It’s Sunday afternoon and my husband and I did something we’ve done countless other times on a Sunday afternoon: we went to the movies.
We had tickets to the new Batman movie, which opened 2 days ago. Our friend bought them days before its opening on Friday. I had been looking forward to seeing this movie for weeks and was so excited about the fact that we were going to be able to see it on its opening weekend.
Then, Friday morning came and so did the news of the horrible shooting in Aurora, Colorado. A twenty-four-year-old graduate student had gone into a movie theater packed with people about 20 minutes after midnight and begun to shoot people indiscriminately. He had been heavily armed and dressed in balletic battle gear. And he had just opened fire on the audience of a midnight screening of the new Batman movie. The rampage left more than seventy people shot, twelve people dead and an untold number of people permanently wounded-physically, emotionally and psychologically.
To call this maniac’s actions senseless violence is redundant and a wasted use of words. To me, all violence is senseless, brutal and insane. Nonetheless, we humans are wired to continually try to make sense of many things that are ultimately without any explanation, sense or reason. So, the last couple of days have been deluged by countless reports about this mass murderer’s background, hometown, subjects of studies in school and his manner and character before the hell he unleashed on hundreds of innocent people.
As hours went by and I tried to get a grip on my emotions, a personal decision had to be made: did I still want to go to the movies on Sunday to to see this movie after what had happened in Colorado? The wisdom of life having to go on kept swirlling around in my mind. “Life must go on. We cannot shrink away from living because of the actions of a few ruthless and violent people.” So, after some thinking, I chose to keep our plans and decided to go to the movie as planned.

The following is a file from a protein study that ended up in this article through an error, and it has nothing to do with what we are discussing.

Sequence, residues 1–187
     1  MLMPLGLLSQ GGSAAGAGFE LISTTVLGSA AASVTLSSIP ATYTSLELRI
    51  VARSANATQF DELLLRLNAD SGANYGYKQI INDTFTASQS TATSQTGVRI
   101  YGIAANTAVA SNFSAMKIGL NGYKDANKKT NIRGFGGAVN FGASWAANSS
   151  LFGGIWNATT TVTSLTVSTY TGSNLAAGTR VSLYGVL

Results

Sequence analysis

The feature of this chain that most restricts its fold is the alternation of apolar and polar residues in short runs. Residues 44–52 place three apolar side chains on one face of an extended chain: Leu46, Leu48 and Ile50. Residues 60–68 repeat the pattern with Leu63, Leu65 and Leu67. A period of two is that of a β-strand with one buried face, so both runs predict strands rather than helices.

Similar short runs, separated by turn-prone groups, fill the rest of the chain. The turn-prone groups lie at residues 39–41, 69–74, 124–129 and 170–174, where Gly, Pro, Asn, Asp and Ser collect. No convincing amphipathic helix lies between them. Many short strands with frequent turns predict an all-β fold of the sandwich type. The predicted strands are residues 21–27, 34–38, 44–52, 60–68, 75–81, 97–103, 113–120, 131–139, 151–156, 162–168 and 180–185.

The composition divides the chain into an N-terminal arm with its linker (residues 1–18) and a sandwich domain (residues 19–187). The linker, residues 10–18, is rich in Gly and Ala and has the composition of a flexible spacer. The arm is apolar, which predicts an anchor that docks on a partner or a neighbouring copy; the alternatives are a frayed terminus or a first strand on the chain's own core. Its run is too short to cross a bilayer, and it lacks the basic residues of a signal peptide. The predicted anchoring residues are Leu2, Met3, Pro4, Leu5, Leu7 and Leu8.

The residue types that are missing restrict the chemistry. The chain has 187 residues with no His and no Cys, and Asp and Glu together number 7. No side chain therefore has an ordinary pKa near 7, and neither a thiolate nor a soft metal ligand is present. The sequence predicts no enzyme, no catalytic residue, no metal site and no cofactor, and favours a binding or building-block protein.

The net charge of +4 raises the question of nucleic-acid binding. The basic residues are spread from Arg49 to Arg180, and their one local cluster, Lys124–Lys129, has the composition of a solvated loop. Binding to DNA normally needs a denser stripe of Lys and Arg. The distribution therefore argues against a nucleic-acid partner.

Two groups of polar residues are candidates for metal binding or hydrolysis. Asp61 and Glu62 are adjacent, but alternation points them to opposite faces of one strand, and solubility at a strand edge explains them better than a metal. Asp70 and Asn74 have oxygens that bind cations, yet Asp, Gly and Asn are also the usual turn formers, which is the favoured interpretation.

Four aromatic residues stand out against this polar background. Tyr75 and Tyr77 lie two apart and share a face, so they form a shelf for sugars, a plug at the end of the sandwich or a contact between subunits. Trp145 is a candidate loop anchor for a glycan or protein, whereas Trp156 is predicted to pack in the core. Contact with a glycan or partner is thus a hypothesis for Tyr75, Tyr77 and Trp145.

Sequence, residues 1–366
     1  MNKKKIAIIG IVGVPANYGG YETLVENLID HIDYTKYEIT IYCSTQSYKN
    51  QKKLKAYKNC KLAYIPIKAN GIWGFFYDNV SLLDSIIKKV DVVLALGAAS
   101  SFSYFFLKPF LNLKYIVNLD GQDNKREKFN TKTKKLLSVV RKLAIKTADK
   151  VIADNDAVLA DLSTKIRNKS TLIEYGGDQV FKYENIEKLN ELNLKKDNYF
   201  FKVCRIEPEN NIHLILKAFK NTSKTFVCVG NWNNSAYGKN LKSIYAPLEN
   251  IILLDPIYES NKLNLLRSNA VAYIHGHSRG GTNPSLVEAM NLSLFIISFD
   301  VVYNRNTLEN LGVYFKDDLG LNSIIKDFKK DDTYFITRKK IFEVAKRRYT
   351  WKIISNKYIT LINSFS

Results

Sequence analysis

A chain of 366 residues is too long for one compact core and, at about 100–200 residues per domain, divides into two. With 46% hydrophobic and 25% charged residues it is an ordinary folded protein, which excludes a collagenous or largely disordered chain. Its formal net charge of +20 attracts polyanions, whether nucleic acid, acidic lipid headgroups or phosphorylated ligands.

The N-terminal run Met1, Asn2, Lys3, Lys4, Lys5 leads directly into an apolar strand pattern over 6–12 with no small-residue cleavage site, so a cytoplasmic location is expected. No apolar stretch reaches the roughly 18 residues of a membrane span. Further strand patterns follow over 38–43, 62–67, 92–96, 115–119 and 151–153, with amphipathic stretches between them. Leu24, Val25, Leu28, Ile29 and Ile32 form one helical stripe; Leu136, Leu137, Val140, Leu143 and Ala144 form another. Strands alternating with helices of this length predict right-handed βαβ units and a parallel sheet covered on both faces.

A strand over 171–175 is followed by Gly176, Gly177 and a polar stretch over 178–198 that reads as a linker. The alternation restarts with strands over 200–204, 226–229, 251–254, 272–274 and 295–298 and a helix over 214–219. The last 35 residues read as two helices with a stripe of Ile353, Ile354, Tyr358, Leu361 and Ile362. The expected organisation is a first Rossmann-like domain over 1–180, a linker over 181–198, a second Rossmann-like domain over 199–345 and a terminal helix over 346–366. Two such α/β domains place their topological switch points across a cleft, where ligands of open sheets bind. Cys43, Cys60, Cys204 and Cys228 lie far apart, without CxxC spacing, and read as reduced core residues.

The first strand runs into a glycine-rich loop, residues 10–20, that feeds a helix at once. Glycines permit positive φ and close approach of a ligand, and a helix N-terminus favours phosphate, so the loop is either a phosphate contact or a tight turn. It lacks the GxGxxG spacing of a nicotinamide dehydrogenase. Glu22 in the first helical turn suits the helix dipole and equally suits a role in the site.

Life must go on. I find this idea to be very practical and a little ruthless. There have been multiple times in my life when I’ve been faced with such deep and all-consuming personal sadness and loss that I’ve felt my having to keep going as a very cruel responsibility. “How can I go on when my heart is breaking?” I’ve heard myself ask that question several times in life. When 9/11 happened, I felt such sense of guilt at the notion of moving on that it felt easier not to have to. But, it is human instinct to survive, thrive and carry on in the face of unfathomable tragedy- and I was schooled in that lesson thoroughly when I managed to celebrate and feel true joy on my wedding day, just three weeks after the death of my own father. So we get knocked down and dragged under, but in time we get up and keep going on with the business of living our lives.
The fact that life keeps going no matter what happens feels very sad to me, but I also find comfort in it. For I know that I am capable of surviving a broken heart and much more over and over and over to get up again, to begin again and to be capable of experiencing joy and feeling alive again and again and again.